“Everybody should be allowed to have as much life as they can,” Joy Hardy said in the couple’s modest home outside London.

If the Hardys lived in the United States or just about any European country other than Britain, Mr. Hardy would most likely get the drug, although he might have to pay part of the cost. A clinical trial showed that the pill, called Sutent, delays cancer progression for six months at an estimated treatment cost of $54,000.

But at that price, Mr. Hardy’s life is not worth prolonging, according to a British government agency, the National Institute for Health and Clinical Excellence. The institute, known as NICE, has decided that Britain, except in rare cases, can afford only £15,000, or about $22,750, to save six months of a citizen’s life.
I am not sure that this is the right decision, but at least the British are trying to make it instead of ignoring the problem and hoping it will go away. We ought to have a public debate about how much to invest in health care. The problem with the American system is that the cost of everything we do is hidden behind a maze of payments and counter payments, insurance schemes and government subsidies. Neither the doctors recommending treatments nor the patients receiving them have much incentive to think about costs. Maybe in an ideal world they wouldn't, but we have reached the point that the more we spend on health care, the less we have to spend on other things, and we ought to face up to that.

Consider the question of drugs for heart disease. A few years ago a major study was released showing that for most patients, the cheapest class of drugs, diuretics, worked better than newer drugs costing 20 times as much. And now another study has shown that the first study had only a minimal impact on which drugs patients are taking. Why? Well, the drug companies are constantly pushing the more expensive drugs, doctors are conservative, and nobody else has much incentive to think about how much would be saved by switching patients to diuretics. Only in a crazy system would be spend billions more on drugs that work less well.

To me, the real advantage of a single payer system like they have in Canada would be that we would have to face up to what health care costs and have a real discussion about what we think people are entitled to.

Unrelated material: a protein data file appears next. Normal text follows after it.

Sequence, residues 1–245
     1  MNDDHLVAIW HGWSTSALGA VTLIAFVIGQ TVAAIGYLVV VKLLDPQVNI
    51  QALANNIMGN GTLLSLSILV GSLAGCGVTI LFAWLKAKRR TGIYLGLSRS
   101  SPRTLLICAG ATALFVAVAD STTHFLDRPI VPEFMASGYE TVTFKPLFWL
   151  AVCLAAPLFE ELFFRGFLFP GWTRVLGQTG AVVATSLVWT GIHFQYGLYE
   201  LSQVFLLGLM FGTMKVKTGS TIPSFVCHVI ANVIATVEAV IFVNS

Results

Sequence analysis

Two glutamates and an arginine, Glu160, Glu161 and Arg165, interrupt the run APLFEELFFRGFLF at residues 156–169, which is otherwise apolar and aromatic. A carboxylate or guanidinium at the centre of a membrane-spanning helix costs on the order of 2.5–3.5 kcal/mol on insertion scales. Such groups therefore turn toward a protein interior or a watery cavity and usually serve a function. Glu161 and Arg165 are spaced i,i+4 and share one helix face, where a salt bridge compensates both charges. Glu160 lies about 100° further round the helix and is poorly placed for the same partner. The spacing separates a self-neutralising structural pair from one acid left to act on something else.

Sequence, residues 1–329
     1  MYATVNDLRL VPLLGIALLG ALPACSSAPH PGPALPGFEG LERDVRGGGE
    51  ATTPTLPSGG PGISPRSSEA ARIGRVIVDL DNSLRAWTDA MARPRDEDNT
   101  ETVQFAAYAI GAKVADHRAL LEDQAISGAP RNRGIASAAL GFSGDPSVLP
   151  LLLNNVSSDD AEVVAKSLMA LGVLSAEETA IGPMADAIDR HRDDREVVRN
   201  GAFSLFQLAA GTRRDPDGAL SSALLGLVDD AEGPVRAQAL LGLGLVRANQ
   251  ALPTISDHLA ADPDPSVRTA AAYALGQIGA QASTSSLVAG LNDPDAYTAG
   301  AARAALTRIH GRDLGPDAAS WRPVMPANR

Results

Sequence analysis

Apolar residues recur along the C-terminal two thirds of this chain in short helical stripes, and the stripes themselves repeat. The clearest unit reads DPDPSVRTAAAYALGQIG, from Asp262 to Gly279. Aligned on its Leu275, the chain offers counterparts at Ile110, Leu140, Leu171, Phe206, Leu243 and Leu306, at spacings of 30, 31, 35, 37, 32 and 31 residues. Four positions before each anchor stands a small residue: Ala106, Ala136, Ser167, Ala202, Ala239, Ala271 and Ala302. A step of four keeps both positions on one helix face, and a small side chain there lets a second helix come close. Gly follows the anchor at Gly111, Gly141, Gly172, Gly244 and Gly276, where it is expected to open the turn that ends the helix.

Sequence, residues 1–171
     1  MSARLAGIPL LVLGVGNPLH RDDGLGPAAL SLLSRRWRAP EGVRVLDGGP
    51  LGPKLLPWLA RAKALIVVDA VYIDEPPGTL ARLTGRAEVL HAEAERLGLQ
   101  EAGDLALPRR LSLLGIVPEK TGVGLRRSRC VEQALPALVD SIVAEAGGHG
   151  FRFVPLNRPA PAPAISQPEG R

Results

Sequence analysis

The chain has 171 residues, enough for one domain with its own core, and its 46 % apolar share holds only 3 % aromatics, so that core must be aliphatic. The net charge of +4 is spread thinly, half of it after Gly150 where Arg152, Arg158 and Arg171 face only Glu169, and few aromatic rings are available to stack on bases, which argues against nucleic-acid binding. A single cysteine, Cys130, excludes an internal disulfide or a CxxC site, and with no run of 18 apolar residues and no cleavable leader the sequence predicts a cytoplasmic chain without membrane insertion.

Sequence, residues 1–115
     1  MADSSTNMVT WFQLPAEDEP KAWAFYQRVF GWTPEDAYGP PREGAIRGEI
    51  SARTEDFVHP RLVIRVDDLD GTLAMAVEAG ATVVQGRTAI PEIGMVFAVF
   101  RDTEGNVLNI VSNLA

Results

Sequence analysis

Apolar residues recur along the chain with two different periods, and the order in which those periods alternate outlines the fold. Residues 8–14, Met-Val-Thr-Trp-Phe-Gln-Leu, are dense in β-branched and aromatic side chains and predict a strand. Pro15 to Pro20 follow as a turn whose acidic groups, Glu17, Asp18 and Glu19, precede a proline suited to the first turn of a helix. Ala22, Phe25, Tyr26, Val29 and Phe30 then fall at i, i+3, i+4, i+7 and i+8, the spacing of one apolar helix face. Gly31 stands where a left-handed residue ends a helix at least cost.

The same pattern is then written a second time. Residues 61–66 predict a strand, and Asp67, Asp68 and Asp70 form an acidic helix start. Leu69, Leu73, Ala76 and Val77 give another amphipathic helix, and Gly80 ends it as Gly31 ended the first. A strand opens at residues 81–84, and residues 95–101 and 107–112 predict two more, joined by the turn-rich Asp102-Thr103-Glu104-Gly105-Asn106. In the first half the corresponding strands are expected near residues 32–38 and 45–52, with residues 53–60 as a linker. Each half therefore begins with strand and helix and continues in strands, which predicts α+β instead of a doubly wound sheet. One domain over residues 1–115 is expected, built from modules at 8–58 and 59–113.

The Santorini Eruption and the limits of knowledge

For at least a decade now there has been a major discrepancy in the dating of the eruption of the volcano at Thera/Santorini, which some people think destroyed the Minoan civilization. The eruption is mentioned in Egyptian records that can be tied into the Egyptian king lists, which extend unbroken down to Roman times, and the Egyptian records give the date of 1530 BC. But archaeologists have found numerous pieces of charred wood from the volcanic ash layer, and the radiocarbon dates they get are significantly older. The latest date comes from a complete olive branch buried in the eruption, and it comes out as 1613 BC, plus or minus 10 years.

Now nobody really expects radiocarbon dates to be exactly right all the time, so this discrepancy has been swept under the rug for years. But as the dates pile up it is really starting to seem that either the calibration curve we use for converting radiocarbon years to calendar years is out of whack, or there is something seriously wrong with the Egyptian king lists, which have been treated as a reliable source for centuries. One of the two pillars we use for dating events in the ancient Mediterranean is wrong.

I mention this because I have long been and remain a skeptic about our ability to have precise, accurate knowledge about the distant past. The further we look back in time, the more our vision is blurred, and the more we are dealing with probabilities rather than certainties. Radiocarbon dating is a wonderful tool, but it is subject to many limitations -- the changing level of C14 in the atmosphere (which is why we need the calibration curve), the possibility of local variations in the C14 level created by things like the ocean reservoir effect (the ocean is full of old carbon) or the outgassing of ancient carbon by volcanoes, the re-use of old wood, and the movement of charcoal through the soil because of worms, groundhogs, tree roots, and the like. I once submitted three charcoal samples from a single large pit and got back dates that translate to AD 1700, AD 650 (which matched the artifacts), and 2000 BC.